Universal Health Coverage
This week, political leaders, policy-makers and health advocates came together in New York at the United Nations (UN) to agree on much-needed actions to guarantee all people access to the health care they need, without facing financial hardship.
The UN High Level Meeting (HLM) on Universal Health Coverage (UHC) saw countries adopt a new set of commitments to support the 100 million people that are still being pushed into extreme poverty because they have to pay for essential health services, along with the 800 million that spend at least 10% of their household budgets to pay for health care.
UHC for cancer
The global non-communicable disease (NCD) and cancer community have advocated as part of the UHC agenda for equitable access to quality cancer care from health promotion to prevention, diagnosis, treatment, rehabilitation and palliative care, without financial hardship for themselves or their families. Civil society has been particularly vocal about the need for UHC to go beyond coverage and emphasize quality of care.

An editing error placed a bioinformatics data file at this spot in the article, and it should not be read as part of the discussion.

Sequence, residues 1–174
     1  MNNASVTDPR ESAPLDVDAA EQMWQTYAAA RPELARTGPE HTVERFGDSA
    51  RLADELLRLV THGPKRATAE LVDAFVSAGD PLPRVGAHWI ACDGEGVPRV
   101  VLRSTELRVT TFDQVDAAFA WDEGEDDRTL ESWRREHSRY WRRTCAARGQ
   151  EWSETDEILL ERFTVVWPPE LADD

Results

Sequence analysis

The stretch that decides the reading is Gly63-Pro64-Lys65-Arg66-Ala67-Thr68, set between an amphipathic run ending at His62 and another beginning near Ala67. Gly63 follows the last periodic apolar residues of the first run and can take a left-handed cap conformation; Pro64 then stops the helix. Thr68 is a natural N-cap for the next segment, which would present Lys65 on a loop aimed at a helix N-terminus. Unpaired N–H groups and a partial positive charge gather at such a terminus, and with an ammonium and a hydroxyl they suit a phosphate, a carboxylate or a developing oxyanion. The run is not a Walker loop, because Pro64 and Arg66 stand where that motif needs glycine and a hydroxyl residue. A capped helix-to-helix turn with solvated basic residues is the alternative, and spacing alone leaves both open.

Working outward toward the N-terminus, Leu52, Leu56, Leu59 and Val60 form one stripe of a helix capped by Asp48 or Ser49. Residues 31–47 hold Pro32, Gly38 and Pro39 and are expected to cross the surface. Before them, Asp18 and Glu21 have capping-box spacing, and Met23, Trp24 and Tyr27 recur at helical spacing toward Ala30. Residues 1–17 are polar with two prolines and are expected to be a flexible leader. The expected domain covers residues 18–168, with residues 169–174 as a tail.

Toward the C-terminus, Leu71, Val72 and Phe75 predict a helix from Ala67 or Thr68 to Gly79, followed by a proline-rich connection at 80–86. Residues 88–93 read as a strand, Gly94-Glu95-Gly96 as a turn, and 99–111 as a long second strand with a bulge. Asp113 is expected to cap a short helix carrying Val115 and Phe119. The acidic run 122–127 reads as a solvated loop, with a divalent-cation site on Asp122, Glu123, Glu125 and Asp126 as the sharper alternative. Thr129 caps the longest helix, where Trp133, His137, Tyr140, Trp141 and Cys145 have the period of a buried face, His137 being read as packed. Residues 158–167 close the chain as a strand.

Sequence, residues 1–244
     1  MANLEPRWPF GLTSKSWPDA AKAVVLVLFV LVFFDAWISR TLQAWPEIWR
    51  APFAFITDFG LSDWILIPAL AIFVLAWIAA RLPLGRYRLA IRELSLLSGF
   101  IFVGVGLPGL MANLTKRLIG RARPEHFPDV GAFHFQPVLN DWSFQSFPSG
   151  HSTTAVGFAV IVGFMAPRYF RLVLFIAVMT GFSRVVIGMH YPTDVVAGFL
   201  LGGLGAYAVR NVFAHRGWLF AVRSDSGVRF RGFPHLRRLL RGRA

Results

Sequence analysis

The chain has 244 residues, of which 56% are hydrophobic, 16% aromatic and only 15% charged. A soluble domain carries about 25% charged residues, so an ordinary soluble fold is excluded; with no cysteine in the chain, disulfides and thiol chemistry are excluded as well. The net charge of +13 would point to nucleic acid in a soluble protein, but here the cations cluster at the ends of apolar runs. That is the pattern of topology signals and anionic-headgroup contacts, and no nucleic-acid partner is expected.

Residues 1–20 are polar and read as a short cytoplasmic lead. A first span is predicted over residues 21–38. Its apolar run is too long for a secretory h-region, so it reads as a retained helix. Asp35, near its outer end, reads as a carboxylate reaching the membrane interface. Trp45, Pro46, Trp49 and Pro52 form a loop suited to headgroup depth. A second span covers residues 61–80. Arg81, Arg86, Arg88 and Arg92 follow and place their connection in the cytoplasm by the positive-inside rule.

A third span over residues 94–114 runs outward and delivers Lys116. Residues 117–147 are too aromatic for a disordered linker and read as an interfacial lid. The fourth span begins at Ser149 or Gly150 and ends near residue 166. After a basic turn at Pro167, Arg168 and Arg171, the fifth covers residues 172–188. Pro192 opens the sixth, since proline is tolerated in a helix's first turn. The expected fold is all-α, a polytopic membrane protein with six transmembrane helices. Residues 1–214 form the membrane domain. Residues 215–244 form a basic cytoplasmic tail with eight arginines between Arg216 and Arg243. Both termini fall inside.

No country can provide all services free of charge on a sustainable basis. UHC is about providing a minimum package of essential health services, including for cancer, that reflects the local cancer burden and profile, and with a progressive expansion of coverage and financial protection for patients as more resources become available.
C/Can and the UHC agenda
Improving cancer care coverage depends heavily on the availability and capacity of health workers to deliver quality and integrated care. This is why, as part of our mission to support cities to design and plan cancer care solutions, we collect comprehensive data on the cancer care workforce in each city. This helps inform the identification and prioritization of key gaps, as well as decision-making on how to effectively allocate limited resources to build capacity.